Saturday, March 28, 2015

Book Review:Yesterday’s Glovemen: The Golden Days of Ulster Boxing

 The Sunday Book Review by Peter Silkov
 “Yesterday’s Glovemen: The Golden Days of Ulster Boxing”  Written by Brian Madden

This week’s book is a celebration of the great boxers to come out of Northern Ireland.  Ireland has a long history of providing a great number of outstanding pugilists to the sport. Ever since the legendary bare-knuckle champion of Britain Daniel Mendoza toured Ireland during his prime, he more or less single-handedly inspired the Irish to take up organized fighting. 

First published in 2006, “Yesterday’s Glovemen: The Golden Days of Ulster Boxing” looks at the lives and careers of a fascinating selection of fighters, ranging from those who found world fame and world titles, to those who had careers as journeymen. A few fighters in this book had only a handful of professional contests, but their career and life stories as recounted to us by Brian Madden, more than justify their inclusion within this book. Indeed, one of the most rewarding aspects of this book is how you find yourself discovering fighters of the past who you had never previously heard of, in addition to reading about fighters of whom you might have already are acquainted. Each of the book’s 26 chapters are devoted to a different boxer.

The boxers included in “Yesterday’s Glovemen: The Golden Days of Ulster Boxing” are Mickey Lavery, Jack Garland, Pat “Maurice” Marrinan, Ike Weir (Jimmy Rooney), Bunty Doran, Al Gibson, Paddy Slavin, Tom Meli, Bunty Adamson, Bob Gourly, John Kelly, Billy “Spider” Kelly, Paddy Graham, Jimmy Carson Sr., Charlie Cosgrove, Sammy Cowan, Henry Turkington, Jim Mccann, Paddy Graham, Francie “FRA” McCullagh, Jimmy Carson Jr., and David Irving.
Alongside such well-known names as Jim “Spider” Kelly, John Kelly, Rinty Monaghan, Freddie Gilroy, and Johnny Caldwell, there are plenty of other fighters whom, while not as famous, have just as interesting life stories to be told.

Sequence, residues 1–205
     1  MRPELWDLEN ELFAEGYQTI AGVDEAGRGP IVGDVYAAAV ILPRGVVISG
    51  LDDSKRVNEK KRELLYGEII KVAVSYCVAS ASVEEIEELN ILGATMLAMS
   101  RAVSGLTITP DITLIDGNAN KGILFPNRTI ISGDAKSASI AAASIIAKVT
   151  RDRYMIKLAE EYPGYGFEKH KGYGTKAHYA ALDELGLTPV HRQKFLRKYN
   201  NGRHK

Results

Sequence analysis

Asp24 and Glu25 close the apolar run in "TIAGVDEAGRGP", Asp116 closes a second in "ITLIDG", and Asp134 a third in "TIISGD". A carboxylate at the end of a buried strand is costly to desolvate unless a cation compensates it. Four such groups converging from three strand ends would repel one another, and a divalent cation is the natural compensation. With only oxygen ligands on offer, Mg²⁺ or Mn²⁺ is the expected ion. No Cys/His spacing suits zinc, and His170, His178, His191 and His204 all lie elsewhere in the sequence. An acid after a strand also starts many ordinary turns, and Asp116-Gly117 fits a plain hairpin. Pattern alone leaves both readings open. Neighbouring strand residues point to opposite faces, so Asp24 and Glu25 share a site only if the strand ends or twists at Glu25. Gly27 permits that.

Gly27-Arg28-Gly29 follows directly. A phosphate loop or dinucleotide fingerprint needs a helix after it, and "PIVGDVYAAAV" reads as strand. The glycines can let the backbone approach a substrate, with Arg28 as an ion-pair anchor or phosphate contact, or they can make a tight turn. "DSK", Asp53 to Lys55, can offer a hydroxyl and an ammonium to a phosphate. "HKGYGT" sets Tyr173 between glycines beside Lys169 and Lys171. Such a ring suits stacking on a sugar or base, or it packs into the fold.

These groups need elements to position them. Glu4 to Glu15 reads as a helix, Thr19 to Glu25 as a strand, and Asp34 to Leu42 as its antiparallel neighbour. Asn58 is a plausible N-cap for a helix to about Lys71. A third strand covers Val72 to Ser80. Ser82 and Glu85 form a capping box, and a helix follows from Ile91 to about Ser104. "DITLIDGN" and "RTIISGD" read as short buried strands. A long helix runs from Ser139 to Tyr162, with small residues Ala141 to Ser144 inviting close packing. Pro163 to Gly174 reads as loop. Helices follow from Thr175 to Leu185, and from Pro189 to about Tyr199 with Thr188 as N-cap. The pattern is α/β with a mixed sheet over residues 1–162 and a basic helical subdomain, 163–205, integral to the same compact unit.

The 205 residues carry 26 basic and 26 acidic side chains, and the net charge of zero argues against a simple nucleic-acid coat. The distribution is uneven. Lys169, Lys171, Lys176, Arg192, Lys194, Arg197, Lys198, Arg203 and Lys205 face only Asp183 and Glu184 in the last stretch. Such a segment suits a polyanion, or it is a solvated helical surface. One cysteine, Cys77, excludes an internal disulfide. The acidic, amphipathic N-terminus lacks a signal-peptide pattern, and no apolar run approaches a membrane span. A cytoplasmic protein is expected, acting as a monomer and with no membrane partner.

Another charm of this book is that, despite the compactness of every fighter’s bio, the author manages to build an interesting and informative account of each fighter that he covers. It really is impressive how vivid a picture Madden is able to paint of each fights career and life within these pages.

This book is a handsome one, with a nice cover, and within its 258 pages there are plenty of photographs of the fighters being profiled.

Brian Madden’s narrative is detailed, yet never too dry. We are never just drowned in a list of facts and dates, as is the mistake of some boxing biographies. This book flows as we learn interesting aspects of fighters lives outside the ring as well as inside it, each fighter is portrayed as a person, rather than just a stereotypical boxer.

In all, Madden has put together a wonderful book that seems to have escaped the attention of many. It is a book that deserves to be read, and will be thoroughly enjoyed by anyone with a healthy interest in boxing, especially in reliving the glory days of Irish boxing. It is a pleasure to find a book, which brings back into the light fighters who might otherwise have become forgotten. 

Copyright © 2015 The Boxing Glove, Inc. Peter Silkov Art. All Rights Reserved. Peter Silkov contributes to and

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